In addition to these seminars, Allison met with students in one-on-one coaching appointments. Students brought in a wide-range of questions from, “I have no idea what I want to do after I graduate. How will I decide?” to “How do I search for my next NY internship from Sydney?” These conversations gave students the opportunity to learn what resources were available and how to create a strategy for their next career-related goal. These meetings continued after NYU Global Career Week with virtual coaching appointments and drop-in hours.

This event was accompanied by a Wasserman Global Peer, a student leader who was versed in resume creation, cover letter advice and knowledge of career development resources. This leader led a Resume & Cover Letter Workshop and was an in-person touch point for students throughout the entire semester.

Students often study abroad with the idea of living and working abroad in the future. NYU Global Career Week showed students how to make the case that their experience abroad makes them a valued and competitive candidate. It is important to prepare students with the confidence to demonstrate applicable traits in post-graduation job applications and in the real world.

NYU Sydney Professor Petronella Vaarzon-Morel Presents at the Federal Court of Australia and Keynotes Conference

NYU Sydney Professor Petronella Vaarzon-Morel, who teaches Anthropology of Indigenous Australia and Indigenous Australian Art, recently gave a presentation at the Federal Court of Australia as part of a tribute to the contribution of anthropologists to the development of Australian native title law over the last 25 years. Her presentation was on gendered relations to the land and native title business. She also gave a keynote at the annual ANU Centre for Native Title Anthropology Conference  in Perth which this year focused on emerging strategic issues in native title anthropology. The Centre for Native Title Anthropology aims to enhance the practice of native title anthropology in Australia through a series of innovative programs and workshops. The annual conference is a significant event.

NYU Sydney Faculty Explore Issues of Diversity with Monroe France


Monroe France with Yuri Ogura, Academic Programs Coordinator at NYU Sydney at Sydney Harbour.

By Marcus Neeld, Assistant Director, Student Life, NYU Sydney

Late last year, NYU Sydney faculty met with visitor Monroe France, Associate Vice President for Student Affairs & Diversity Initiatives. The meeting was the keystone event of Monroe’s invaluable trip to the Sydney campus, augmenting what had already been a jam-packed week of professional development experiences for administrative staff and informal engagements with students.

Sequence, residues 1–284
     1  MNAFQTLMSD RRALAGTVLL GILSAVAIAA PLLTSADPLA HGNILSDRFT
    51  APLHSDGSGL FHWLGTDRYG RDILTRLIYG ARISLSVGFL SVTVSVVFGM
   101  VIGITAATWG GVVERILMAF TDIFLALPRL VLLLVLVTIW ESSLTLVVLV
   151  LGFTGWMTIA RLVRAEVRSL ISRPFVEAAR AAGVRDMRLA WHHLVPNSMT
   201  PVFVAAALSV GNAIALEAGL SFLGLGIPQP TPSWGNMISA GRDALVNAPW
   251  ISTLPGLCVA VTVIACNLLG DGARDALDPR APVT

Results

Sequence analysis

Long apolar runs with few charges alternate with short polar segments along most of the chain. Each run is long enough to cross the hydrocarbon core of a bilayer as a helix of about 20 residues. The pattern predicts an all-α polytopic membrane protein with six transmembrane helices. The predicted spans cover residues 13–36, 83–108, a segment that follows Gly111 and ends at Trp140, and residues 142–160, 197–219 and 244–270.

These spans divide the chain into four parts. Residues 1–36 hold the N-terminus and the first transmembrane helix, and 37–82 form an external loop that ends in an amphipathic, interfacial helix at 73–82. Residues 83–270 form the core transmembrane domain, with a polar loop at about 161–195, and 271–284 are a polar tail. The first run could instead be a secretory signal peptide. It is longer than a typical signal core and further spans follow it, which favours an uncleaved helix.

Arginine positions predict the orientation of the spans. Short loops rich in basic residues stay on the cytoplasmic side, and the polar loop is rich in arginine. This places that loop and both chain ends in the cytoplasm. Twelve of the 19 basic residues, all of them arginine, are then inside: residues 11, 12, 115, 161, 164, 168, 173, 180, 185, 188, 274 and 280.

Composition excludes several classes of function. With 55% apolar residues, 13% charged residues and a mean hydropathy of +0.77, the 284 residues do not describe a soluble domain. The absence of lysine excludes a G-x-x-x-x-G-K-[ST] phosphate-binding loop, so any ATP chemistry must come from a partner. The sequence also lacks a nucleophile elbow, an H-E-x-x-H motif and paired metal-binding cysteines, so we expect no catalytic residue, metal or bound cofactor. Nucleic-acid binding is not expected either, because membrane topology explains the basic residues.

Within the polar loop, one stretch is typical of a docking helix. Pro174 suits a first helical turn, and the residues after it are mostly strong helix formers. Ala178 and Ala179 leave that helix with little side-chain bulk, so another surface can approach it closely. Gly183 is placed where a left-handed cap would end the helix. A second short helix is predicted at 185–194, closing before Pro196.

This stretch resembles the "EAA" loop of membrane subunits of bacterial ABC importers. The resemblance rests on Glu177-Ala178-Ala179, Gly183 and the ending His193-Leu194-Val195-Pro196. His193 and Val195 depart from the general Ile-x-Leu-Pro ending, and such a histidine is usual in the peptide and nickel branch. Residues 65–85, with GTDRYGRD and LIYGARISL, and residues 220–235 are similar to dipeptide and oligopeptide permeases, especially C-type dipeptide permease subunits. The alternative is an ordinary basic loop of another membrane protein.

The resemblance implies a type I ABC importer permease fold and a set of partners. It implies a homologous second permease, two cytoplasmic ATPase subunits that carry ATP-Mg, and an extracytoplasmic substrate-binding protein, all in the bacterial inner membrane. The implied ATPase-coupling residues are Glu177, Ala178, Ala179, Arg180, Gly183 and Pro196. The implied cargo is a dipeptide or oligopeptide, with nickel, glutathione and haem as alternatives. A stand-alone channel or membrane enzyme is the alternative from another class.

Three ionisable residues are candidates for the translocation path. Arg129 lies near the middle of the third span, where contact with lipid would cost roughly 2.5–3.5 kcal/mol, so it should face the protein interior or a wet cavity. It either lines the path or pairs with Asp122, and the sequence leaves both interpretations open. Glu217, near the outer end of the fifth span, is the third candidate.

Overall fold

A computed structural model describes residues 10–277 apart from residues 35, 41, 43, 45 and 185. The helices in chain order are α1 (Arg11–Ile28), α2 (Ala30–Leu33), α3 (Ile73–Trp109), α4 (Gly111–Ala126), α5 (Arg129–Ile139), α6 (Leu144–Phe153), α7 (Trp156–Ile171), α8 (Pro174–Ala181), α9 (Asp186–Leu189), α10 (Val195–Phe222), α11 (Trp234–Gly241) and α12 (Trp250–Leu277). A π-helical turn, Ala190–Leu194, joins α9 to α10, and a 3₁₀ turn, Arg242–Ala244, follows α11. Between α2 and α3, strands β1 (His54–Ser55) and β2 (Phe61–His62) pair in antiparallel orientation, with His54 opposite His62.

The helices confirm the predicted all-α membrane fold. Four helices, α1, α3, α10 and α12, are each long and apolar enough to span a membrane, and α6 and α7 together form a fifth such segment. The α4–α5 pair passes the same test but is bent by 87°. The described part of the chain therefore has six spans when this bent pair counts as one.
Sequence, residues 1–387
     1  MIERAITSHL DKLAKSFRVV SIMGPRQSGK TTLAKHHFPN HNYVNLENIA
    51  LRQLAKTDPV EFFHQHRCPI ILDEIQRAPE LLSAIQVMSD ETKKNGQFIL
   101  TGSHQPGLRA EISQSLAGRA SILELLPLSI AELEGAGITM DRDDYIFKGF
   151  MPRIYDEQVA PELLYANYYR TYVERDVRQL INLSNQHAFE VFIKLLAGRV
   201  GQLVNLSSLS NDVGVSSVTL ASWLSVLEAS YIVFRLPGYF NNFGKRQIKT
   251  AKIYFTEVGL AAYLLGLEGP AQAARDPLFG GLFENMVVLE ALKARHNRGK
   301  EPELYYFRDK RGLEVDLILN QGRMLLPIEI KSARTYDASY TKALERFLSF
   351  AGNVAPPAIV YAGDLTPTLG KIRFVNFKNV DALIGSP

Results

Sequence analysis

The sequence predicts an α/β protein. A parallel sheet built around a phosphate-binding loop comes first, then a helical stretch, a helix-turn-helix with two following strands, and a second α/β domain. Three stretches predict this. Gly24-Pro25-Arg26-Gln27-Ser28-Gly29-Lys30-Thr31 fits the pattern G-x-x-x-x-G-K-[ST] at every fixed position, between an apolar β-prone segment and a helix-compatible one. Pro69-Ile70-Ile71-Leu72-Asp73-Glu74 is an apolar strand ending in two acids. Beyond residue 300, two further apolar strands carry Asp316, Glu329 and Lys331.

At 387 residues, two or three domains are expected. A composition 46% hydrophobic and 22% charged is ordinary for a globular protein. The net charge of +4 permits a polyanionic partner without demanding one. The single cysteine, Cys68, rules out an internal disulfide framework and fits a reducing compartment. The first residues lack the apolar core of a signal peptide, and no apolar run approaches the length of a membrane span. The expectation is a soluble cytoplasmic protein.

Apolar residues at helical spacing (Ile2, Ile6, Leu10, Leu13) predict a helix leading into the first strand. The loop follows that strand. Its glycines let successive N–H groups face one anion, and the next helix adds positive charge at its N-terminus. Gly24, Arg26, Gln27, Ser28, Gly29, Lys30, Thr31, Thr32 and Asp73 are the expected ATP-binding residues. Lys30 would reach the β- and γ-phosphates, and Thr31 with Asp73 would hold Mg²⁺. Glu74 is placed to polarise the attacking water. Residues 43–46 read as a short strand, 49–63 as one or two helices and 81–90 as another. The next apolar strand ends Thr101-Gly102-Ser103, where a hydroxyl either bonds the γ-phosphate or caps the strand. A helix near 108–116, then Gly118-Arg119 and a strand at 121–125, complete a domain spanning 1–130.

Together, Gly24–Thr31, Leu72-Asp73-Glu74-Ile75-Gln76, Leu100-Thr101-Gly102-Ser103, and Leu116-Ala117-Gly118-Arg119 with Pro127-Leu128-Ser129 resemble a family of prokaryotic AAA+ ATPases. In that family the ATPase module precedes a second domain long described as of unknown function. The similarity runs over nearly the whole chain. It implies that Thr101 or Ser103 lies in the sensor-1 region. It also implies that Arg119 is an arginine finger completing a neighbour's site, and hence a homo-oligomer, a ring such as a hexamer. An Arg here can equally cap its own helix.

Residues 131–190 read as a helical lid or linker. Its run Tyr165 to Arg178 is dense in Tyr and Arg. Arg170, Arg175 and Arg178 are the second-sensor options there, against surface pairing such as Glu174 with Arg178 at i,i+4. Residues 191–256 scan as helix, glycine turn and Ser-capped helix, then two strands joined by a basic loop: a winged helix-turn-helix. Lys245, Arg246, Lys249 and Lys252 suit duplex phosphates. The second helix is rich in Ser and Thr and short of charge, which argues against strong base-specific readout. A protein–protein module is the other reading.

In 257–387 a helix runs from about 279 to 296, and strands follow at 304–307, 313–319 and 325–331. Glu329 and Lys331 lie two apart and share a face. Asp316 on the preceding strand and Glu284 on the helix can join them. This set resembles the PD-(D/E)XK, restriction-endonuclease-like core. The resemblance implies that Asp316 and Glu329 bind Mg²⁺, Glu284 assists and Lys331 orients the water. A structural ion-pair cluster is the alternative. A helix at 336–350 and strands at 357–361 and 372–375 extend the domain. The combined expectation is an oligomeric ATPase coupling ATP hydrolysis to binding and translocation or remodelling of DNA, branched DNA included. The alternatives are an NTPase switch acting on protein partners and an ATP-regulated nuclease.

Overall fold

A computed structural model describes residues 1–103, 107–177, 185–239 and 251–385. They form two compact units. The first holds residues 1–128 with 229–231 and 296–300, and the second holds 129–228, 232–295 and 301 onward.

Monroe provided staff with some base tools in order to identify microaggressions along with strategies to practice allyship.

Town Hall meeting spurs broader dialogue on diversity

Concerns raised during a 2015 Town Hall event acted as a catalyst for NYU Sydney’s administrative team to apply for CMEP’s Global Diversity and Professional Development Grant. Eager to learn more about the experiences of minority students within the NYU community, the team lodged a request to learn more about ways to support students of colour and how social movements are affecting change on college campuses throughout the United States.

Faculty relished the opportunity to engage with Monroe, requesting the seminar focus on the efforts NYU is making to address matters of diversity, equity and inclusion. This request was made to discuss and formulate ways in which local instructors can enhance cultural competency and further support NYU’s institutional mission.

The training Monroe designed encapsulated themes of social identity, social justice and privilege. These topics were contextualised by a corresponding screening of portions from last year’s listening event. The clips shown of featured students provided a succinct focus on core topics central to the meeting, acting as an icebreaker for local faculty and staff to reflect on these important themes. As the meeting progressed it organically moved towards a discussion of individual teaching experiences and plans for future semesters.

The teaching staff were in consensus that future classes should act as an open, safe environment for students to discuss their salient social identity and preferred gender pronouns, a suggestion that Monroe recommended also be integrated into early semester introductions.

Social spheres and identities are malleable and non-uniform

Arguably the most compelling insight into matters of diversity and inclusion was offered by former NYU-Sydney student Ishani Dugar. The speech, which was performed during one of President Hamilton’s inauguration sessions, revealed misconceptions of universal communities. Ishani discussed original intentions to continue activism while in Sydney only to find that the local LGBTQ community was, although connected in solidarity, focusing on addressing different issues. The message served as a reminder of the nuances that exist between marginalised groups across the globe.

Marginalisation through multiple lenses

More broadly, the week’s training helped elucidate which groups feel marginalised at an institutional level. Familiar with local systemic oppression within an Australian context faculty were less attuned to the American experience. Monroe discussed student activism at NYU and progressive discourse as a result of the Black Lives Matter movement.

As the NYU-Sydney team prepare for future semesters, Monroe’s visit has provided a solid contextual framework to work within. Faculty will be encouraged to select reading materials that help students further interrogate social identity from an Australian perspective. With better understanding of the lenses visiting students employ to understand these issues through, the NYU-Sydney team will endeavour to create supportive environments and further opportunities for the examination of social identities from a global perspective.

How January Term is Redefining Education

This is a post from NYU Abu Dhabi. Although January Term originated with NYU Abu Dhabi, now other students in NYU’s global network, notably those from NYU Shanghai, have the opportunity to experience a January Term.